Rub-a-Dub-Dub

A friend of mine ends each hectic day by soaking in a hot bath, a time of uninterrupted luxury that I’ve heard of but never actually experienced, like those TV ads for all-inclusive resorts full of super-model couples getting tandem massages. Now that the kids are *mostly* grown, I get my share of uninterrupted time, which admittedly is half the battle in this scenario. But there’s no way I’ll ever experience bubble baths with scented candles and dim lights.

It’s not because we don’t have a tub. When we bought our house 13 years ago, we were impressed by the garden tub in the master bath. It was the first time in our marriage we’d actually been able to share a bathroom, period. Before that, we had cubicle apartments or tiny bathrooms with no counters, and we’d split the difference, mostly with one of us storing our stuff down the hall.  When we bought the house, the kids were small. Occasionally they’d get a bath in our big tub, the jets stirring the bubble bath until they’d become buried beneath the suds. By the time the tub got cleared of the foam and their 57 bath toys, I was no longer in the mood for a private soak, and the second I’d start to think about it, some catastrophe on the other side of the door would arise to squelch the impulse.

It was convenient for bathing dogs. Also it was great for scrubbing a child’s muddy feet without having to fully submerge said child. When we had a house full of visitors, we lined it with blankets and let our kids sleep in it. Once, when we had to move our 55-gallon aquarium, it made a superb way-station for buckets of briny rocks and stressed out fish.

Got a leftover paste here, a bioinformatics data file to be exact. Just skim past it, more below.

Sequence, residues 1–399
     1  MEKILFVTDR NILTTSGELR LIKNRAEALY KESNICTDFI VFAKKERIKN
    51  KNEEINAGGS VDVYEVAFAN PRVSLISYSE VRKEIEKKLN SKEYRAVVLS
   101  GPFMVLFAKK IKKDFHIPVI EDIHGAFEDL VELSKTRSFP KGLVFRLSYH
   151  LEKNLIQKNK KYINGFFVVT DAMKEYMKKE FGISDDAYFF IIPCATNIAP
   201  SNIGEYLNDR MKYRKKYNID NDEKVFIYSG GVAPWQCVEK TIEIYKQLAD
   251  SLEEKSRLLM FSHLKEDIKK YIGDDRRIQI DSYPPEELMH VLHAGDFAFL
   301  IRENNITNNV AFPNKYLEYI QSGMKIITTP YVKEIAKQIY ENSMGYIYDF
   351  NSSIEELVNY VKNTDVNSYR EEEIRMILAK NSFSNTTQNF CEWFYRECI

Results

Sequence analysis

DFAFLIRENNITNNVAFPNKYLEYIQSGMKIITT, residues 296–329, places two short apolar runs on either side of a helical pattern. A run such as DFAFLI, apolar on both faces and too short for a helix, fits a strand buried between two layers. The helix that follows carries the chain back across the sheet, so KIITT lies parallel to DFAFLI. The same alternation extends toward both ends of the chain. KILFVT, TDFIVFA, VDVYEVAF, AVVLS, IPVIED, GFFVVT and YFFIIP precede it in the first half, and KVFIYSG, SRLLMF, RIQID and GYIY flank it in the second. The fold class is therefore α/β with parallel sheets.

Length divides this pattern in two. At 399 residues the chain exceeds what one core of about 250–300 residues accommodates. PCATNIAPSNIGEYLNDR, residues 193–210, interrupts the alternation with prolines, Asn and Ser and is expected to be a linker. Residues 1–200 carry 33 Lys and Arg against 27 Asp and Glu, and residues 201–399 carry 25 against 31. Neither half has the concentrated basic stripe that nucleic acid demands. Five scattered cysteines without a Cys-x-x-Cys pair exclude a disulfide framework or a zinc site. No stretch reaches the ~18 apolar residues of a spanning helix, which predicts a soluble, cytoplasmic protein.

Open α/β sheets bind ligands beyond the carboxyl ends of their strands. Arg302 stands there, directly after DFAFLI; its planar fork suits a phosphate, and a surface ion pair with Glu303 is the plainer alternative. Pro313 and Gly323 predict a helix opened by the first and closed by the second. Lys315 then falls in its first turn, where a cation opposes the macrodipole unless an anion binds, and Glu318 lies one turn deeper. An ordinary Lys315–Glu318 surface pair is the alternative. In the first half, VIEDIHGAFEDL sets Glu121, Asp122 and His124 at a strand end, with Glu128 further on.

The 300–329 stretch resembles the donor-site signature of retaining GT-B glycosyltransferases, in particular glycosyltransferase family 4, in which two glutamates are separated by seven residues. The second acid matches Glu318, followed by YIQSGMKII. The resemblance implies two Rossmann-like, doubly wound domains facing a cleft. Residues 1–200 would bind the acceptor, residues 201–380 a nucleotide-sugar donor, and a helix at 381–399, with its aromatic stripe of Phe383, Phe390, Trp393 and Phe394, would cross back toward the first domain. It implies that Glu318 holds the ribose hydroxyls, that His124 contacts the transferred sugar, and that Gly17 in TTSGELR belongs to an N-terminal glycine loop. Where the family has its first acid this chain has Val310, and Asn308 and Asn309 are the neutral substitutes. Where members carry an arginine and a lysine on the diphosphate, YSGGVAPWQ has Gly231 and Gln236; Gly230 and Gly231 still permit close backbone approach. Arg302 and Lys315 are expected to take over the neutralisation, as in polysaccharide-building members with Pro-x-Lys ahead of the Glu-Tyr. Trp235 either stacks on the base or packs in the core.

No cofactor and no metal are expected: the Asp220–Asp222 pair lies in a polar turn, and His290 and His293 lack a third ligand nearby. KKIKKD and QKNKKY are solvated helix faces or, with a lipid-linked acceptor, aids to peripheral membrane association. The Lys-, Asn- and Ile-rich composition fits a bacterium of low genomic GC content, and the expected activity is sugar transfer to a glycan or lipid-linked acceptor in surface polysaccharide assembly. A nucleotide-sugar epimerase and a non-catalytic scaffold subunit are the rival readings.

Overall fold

I had intentions. The tub surround was laid with expectant candles and nicely rolled towels that would have made a nice neck pillow amid the suds. I readied a good book and some background music and tried to settle in. You know how when you look out the window of an airplane when you’re in a cloud bank and the clouds are so thick and white you can convince yourself they’d surely be able to hold you like a soft billowy pillow?  That’s what cats imagine when they see a tub full of magical white bubbles.  It is a mind-blowing scientific fact that clouds can’t hold you; you fall right through.  Same with bubbles and cats.

Except beneath the bubbles is water, which most cats dislike almost as much as they dislike being forced to wear clothing. Also there is a person, who until the moment of the surprise bubble collapse had been unsuspectingly engrossed in a novel, under the illusion that the next 30 minutes would bring bliss and relaxation instead of splashing and claws scrabbling for purchase on naked flesh like a Kraken had just been released.  Candles were extinguished, neck towel lay in a soggy lump at the bottom of the tub, and the pages of the novel were fused together by copious amounts of water. An enthusiastically unhappy cat meowed loudly in humiliation.

After the terror from the deep, our big tub is now neither garden, nor tub. I explain to people that no, the scar I wear is not, in fact, from a Cesarean gone horribly awry. When the young optimistic couples on House Hunters exclaim over the spacious jacuzzi tubs in the “en suite” bathrooms, I see my past self in their starry eyes. But years of reality have set in. The tub has not held actual water or bubble bath in years. It is now, especially in the later months of the year, a repository for future events. Currently, for example, it holds bags of holiday and birthday presents, Christmas crafts, Boy Scout paraphernalia, signage for an upcoming wedding. These are layered, like an archaeological dig, in order of which comes first.  Also it houses a giant yellow exercise ball that hasn’t been paroled in several years. I no longer question its existence. It simply glows like a small yellow sun from beneath the stockpile.